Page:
Turkey, Tinsel and Tears Nov. 8 can help cope with loss of a loved one

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The Infields’ last photo together from December 2013. Todd passed away unexpectedly in March 2014. His widow, Kristin, is now helping others cope with the loss of loved ones as she coordinates Gundersen Prairie du Chien’s Turkey, Tinsel and Tears program. Also pictured are their children, Riley and Ben.

Losing a loved one is never easy, whether it is an expected or unexpected death.

“Death is something we will all face and have to go through at some point in our lives,” said Kristin Infield, of Cassville, a registered radiologic tech at Gundersen Prairie du Chien Clinic.

She knows the pain of losing loved ones all too well. In March 2014, Kristin’s husband, Todd, an attorney in Lancaster, collapsed after his right carotid artery dissected and caused a stroke. He died a few days later on March 3, just days shy of his 45th birthday. To add to the pain, Todd’s father had passed away unexpectedly just three months earlier.

Suddenly Kristin was a widow and a single mother to then 7-year-old Riley and 4-year-old Ben. “I really struggled to comfort Riley and Ben because they really didn’t understand what happened to Todd. At the same time, I was trying to keep Todd’s memory alive in our lives while trying to cope with his death myself,” she said. “I realized that everything in our lives—our children, Todd’s business, our bills and other responsibilities—now all belonged to me.”

Kristin said their first Christmas without Todd was extremely emotional for her and the kids. “I had to shop by myself and would often find myself crying in the store. I put up decorations and the kids were excited for Santa, but knew it would not be the same without Todd. We had family get togethers, and we laughed and cried. But we knew that there are always challenges in our lives and that we must keep moving forward.”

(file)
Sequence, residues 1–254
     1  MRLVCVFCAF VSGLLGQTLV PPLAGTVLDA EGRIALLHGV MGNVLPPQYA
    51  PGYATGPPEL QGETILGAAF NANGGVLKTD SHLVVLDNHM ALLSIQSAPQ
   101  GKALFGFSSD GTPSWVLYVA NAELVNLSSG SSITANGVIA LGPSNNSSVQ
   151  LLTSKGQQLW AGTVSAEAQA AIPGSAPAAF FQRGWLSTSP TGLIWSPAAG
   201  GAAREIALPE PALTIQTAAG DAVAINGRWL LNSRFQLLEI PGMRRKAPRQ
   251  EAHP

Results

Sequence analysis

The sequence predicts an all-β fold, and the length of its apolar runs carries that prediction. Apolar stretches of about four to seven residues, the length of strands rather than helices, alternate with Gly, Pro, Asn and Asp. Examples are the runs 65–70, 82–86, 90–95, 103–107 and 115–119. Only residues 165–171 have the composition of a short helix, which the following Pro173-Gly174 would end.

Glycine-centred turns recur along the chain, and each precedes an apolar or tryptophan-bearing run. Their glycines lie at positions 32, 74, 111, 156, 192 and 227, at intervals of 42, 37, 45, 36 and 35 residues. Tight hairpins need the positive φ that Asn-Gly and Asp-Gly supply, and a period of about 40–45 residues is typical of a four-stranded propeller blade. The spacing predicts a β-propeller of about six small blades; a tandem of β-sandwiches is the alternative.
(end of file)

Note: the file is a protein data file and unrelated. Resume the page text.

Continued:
Carrying on his legacy
As Kristin and her family learn to live without Todd, she said he is still a part of their lives. “Todd’s legacy is now mine. His future dreams, mine. This new chapter in our lives still has Todd’s name written on all the pages. We grow together and practice happiness because we choose to make happiness. We also count our blessings and know that our angel is there.”

Todd was an organ donor, and Kristin has spoken on his behalf several times. Last year, she decided it was time to help those who have gone through a loss and joined the Gundersen Prairie du Chien Bereavement Team, a group of medical professionals who are available to speak with patients following the death of a loved one.

“Sometimes, there is a feeling of wanting to do something that not only helps you but honors a loved one,” Kristin shared. “Many of our committee members have lost loved ones and can relate to people in need on different levels of grief.”

Turkey, Tinsel and Tears
This year, Kristin is the coordinator of Gundersen Prairie du Chien’s long-running Turkey, Tinsel and Tears program, replacing retired coordinator, Nancy Stuart.

In its 14th year, Turkey, Tinsel and Tears is a free event held before the holidays to give those who have lost a loved one assistance on how to deal with their loss as the holidays approach.

This year’s event will take place on Wednesday, Nov. 8, at 5:30 p.m., at the Gundersen Prairie du Chien Clinic. The theme is “Finding peace in the storm,” and will include a presentation from Patti and Terry Cullen, of Platteville, who lost their son, Ben, to suicide.

“I have talked with Patti numerous times and her passion for helping others is like nothing I’ve ever seen,” Kristin said.

Marcia Dunn, therapist at Gundersen Behavioral Health, will also present, and a time for participants to share their experiences if they choose will also be available.

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